Both Turkmen and Kurds say Kirkuk, Iraq’s northern oil hub, should rightfully be theirs. Under ousted Iraqi leader Saddam Hussein both communities were forcibly replaced by Arabs in the region.
But in recent months, many Kurds and Turkmen have started to return. Both communities are trying to shore up their influence in Iraq and tensions are mounting.
Turkmen leaders said the Kirkuk branch of the Iraqi Turkmen Front was attacked on Sunday by scores of Kurds, who vandalised computers and furniture.
The culprits rampaged through the building, breaking glass and scattering paper.
Police extended a nightly curfew, ordering people to stay at home from 6:00pm to 5:00am, as minor violence broke out across the city.
Witnesses said Kurds ripped apart Turkmen and Iraqi flags and vandalised shops owned by Turkmen. Officials said two people were injured.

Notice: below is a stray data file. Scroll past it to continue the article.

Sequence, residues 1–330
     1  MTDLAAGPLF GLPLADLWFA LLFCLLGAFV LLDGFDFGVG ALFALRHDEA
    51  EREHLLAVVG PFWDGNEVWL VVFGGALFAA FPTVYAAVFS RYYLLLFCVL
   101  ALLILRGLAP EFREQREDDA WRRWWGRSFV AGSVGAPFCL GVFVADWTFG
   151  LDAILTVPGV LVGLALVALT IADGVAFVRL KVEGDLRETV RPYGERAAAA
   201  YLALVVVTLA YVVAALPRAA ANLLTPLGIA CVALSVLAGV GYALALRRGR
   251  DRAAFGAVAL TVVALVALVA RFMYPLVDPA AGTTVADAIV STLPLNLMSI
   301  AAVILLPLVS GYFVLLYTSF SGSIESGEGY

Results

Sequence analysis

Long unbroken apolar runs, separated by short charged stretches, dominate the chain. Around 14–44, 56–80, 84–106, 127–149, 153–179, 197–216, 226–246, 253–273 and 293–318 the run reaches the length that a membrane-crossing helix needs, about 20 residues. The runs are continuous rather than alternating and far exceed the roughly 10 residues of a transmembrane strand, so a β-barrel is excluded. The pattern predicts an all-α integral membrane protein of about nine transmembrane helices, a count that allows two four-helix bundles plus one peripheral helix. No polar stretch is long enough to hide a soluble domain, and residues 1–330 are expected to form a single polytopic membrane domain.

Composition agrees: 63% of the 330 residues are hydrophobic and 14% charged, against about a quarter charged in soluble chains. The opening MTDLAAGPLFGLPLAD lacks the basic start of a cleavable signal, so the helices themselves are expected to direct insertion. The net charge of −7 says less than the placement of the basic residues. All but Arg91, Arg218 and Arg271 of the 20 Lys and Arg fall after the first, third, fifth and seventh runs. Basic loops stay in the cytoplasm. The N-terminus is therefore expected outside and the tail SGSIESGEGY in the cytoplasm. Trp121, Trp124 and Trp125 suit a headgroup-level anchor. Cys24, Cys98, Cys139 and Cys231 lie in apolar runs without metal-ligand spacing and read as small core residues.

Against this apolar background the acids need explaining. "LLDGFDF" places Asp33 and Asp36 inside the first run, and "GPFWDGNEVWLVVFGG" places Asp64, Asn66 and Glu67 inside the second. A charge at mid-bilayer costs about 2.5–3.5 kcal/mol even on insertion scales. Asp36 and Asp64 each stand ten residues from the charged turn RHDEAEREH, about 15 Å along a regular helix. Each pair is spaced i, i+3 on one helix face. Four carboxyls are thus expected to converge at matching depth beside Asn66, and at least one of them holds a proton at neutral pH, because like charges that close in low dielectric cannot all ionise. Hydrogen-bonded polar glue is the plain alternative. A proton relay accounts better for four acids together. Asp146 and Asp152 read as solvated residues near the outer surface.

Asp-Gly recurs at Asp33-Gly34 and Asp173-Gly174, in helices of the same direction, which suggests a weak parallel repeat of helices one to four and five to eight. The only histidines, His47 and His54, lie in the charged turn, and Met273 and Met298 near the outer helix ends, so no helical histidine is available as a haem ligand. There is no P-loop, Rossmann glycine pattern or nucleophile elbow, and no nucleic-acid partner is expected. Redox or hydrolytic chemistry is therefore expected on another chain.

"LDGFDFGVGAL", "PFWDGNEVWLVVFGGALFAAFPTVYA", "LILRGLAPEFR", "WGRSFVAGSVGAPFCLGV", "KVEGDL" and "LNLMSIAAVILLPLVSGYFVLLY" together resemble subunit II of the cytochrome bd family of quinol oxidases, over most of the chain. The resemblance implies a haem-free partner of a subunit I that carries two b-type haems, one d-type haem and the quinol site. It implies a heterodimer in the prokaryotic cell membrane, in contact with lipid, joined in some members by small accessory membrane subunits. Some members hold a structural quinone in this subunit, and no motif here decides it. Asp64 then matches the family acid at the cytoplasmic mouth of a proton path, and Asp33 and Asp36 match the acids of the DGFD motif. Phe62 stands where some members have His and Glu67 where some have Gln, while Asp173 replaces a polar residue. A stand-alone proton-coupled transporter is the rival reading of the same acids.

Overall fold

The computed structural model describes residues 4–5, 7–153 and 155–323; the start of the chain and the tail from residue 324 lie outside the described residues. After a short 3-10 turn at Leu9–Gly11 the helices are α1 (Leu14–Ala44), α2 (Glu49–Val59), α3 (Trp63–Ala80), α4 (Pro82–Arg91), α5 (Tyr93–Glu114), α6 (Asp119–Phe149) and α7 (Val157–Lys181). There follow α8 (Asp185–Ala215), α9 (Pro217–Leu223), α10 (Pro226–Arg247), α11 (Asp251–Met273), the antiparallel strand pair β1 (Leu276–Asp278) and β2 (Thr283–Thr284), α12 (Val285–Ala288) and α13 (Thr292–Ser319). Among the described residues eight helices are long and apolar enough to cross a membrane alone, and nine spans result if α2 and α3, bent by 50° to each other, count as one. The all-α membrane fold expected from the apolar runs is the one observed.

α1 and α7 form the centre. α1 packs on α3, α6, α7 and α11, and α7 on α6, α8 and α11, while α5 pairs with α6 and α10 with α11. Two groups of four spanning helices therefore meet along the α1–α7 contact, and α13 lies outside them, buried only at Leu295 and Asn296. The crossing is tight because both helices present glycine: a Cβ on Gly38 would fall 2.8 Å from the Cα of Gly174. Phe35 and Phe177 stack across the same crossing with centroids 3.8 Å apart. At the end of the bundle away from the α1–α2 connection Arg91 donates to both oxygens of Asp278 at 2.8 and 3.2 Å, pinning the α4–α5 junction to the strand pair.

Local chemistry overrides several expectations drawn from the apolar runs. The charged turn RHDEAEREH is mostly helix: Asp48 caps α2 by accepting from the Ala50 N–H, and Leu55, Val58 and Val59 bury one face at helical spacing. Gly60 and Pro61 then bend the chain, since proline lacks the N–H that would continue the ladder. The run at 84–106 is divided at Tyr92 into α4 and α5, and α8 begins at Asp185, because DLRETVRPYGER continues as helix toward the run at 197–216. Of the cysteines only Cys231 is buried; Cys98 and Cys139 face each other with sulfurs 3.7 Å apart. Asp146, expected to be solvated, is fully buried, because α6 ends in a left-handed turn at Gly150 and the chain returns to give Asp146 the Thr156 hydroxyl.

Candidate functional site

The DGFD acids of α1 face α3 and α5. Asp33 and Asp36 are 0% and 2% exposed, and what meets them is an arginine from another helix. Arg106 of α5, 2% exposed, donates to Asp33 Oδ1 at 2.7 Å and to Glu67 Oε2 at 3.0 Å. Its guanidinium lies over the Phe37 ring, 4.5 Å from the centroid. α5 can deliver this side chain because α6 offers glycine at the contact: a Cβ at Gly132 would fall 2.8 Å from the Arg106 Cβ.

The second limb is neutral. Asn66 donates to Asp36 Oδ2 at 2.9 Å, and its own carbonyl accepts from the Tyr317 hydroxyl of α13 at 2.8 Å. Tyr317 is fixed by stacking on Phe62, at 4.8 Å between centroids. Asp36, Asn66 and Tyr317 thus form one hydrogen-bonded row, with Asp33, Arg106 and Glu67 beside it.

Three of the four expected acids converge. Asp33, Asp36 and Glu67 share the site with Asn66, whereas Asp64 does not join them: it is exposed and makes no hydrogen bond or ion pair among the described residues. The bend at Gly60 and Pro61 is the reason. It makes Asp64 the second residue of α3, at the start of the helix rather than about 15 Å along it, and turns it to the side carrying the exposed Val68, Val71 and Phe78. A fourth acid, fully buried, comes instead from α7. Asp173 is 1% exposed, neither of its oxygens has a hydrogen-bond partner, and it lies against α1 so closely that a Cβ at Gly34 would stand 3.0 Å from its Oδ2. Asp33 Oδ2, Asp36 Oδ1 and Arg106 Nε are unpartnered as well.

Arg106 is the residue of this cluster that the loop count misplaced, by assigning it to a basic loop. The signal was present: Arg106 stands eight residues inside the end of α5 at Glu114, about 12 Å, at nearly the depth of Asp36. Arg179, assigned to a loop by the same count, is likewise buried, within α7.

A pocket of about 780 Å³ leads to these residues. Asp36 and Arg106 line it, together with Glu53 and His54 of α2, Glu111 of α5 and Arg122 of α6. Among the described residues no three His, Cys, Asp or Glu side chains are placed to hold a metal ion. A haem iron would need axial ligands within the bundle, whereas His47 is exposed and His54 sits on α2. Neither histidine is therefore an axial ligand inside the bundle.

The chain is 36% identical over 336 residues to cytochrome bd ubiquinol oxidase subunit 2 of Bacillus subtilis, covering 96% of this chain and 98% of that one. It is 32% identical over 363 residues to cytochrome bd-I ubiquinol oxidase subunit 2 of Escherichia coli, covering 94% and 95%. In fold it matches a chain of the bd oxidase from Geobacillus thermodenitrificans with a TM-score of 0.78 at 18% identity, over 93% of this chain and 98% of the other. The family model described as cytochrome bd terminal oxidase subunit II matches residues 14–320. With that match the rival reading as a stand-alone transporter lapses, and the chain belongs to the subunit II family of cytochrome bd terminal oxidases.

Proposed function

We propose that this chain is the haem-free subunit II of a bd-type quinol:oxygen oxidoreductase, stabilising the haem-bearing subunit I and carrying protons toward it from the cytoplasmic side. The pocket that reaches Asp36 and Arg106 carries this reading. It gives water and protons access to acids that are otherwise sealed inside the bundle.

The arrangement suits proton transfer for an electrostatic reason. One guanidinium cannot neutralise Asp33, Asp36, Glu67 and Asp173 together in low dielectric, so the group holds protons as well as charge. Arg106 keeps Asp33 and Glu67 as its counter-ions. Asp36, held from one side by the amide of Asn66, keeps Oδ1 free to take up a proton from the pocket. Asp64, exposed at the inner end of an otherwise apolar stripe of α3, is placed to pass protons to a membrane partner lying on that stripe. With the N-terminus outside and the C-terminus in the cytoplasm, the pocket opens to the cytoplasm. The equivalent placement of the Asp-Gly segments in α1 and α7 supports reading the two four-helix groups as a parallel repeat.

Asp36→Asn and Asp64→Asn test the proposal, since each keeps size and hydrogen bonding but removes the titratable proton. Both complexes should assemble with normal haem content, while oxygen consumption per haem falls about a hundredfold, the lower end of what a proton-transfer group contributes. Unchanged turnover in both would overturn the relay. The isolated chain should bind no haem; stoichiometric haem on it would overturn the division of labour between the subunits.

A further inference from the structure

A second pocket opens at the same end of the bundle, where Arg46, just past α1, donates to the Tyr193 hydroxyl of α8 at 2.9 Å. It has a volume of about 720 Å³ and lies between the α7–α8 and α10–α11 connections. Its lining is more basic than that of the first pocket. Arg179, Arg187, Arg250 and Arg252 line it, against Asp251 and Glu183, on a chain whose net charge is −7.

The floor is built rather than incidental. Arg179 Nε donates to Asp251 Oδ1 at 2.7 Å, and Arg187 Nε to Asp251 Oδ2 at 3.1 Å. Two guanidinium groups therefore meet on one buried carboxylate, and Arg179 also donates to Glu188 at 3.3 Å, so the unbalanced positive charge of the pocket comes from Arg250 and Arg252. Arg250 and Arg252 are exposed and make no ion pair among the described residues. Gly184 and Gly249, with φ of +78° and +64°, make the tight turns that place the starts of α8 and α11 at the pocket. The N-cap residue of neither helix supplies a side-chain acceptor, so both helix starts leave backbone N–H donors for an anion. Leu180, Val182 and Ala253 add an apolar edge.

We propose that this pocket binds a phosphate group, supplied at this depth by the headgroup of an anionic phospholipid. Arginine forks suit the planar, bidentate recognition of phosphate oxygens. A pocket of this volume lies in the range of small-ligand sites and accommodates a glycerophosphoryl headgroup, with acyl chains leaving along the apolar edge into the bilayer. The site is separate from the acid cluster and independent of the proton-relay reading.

Local leaders fear that if unchecked, the situation could get out of control.
Turkmen insist they have
historical claim over Kirkuk
“We demand the United Nations and the Arab League and the Organisation of the Islamic Conference send peacekeeping forces to maintain security in Kirkuk to prevent events which may lead to civil war,” Turkmen leader in Kirkuk, Saad al-Din Arkij, said on Monday.
A Kurdish official with the Patriotic Union of Kurdistan (PUK) said no political parties were involved in the violence.
“We condemn any acts that seek to undermine the security situation in Kirkuk,” said Arif Qurbani.
He accused Turkmen of provoking the crowds by firing in the air. But Turkmen said they were celebrating the return of a political delegation from Baghdad.
An interim constitution for Iraq, agreed by the US-appointed Governing Council on Monday, included a controversial reference to the federal structure of Iraq. Kurds, who have ruled an autonomous region of northern Iraq, are demanding a federal structure.
A decision was postponed on the highly divisive question of whether Kurds should be able to expand their autonomous zone to include Kirkuk and other northern areas.